Second learning of the day. I raised the nose into the sky and was gaining altitude when all of a sudden I noticed the airspeed indicator was precipitously slow and going lower. But I was still gaining altitude quickly and the engine gauges looked normal. Fly the airplane. I did lower the nose a bit (out of instinct, I'd say) as I tried to figure out what was going on. Within about 15 seconds I realized the alternate static source knob didn't lock in position when I checked it before takeoff; I closed and secured it and the airspeed indicator immediately jumped back up over 100 knots, about 15-20 knots faster than my normal climb speed. With everything back to normal, I raised the gear and flaps and turned on course.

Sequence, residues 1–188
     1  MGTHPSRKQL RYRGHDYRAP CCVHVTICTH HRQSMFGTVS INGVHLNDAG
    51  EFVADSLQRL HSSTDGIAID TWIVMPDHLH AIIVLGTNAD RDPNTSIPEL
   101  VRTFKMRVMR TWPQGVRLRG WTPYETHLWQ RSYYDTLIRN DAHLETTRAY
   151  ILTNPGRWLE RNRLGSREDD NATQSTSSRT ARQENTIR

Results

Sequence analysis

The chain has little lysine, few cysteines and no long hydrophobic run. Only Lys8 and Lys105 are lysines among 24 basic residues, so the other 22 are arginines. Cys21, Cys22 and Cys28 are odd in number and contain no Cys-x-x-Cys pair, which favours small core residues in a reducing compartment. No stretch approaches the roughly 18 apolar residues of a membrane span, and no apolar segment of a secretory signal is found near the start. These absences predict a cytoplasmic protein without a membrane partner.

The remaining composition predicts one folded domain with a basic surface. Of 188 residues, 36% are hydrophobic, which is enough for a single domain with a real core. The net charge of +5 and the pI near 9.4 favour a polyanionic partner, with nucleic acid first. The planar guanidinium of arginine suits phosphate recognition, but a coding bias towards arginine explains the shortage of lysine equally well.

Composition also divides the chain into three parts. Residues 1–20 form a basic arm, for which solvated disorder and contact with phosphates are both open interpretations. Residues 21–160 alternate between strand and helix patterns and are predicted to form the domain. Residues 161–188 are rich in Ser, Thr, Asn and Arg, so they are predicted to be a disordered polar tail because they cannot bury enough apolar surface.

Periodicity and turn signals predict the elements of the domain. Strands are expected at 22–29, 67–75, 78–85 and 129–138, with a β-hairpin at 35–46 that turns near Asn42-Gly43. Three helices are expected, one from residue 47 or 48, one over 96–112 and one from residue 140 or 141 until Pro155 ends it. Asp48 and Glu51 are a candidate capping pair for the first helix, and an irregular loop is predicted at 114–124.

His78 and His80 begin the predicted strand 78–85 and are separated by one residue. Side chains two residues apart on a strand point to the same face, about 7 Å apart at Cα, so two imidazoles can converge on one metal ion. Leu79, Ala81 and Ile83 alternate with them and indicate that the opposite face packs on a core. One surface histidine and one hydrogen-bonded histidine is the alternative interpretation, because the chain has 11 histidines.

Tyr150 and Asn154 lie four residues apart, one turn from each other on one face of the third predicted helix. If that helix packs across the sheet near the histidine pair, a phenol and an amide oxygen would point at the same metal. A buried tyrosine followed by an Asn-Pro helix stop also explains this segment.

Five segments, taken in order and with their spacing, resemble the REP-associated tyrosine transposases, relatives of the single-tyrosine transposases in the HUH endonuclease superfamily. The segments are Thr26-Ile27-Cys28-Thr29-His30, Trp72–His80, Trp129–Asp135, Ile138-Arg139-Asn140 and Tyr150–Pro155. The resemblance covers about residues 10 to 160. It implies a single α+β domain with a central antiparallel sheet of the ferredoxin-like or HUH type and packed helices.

Comfortably cruising up north at 155 knots

A big wind farm just west of Midland

I leveled at 4,500 feet as the winds were less favorable any higher. On course for Boyne, I contacted Detroit Approach for flight following. They almost immediately handed me off to Flint, who later handed me off to Saginaw. Instead of passing me along to Minneapolis Center, the controller just cut me loose somewhere north of Midland / Bay City.

Houghton Lake - Roscommon County Airport (HTL) is on the east side

Higgins Lake had incredible color today

It didn't take long to cover the ~160 nautical miles to Boyne. The winds were even gustier up north but thankfully they weren't a direct crosswind. As I descended and approached the airport, the only other traffic in the pattern was a Chinook, presumably from the nearby Camp Grayling.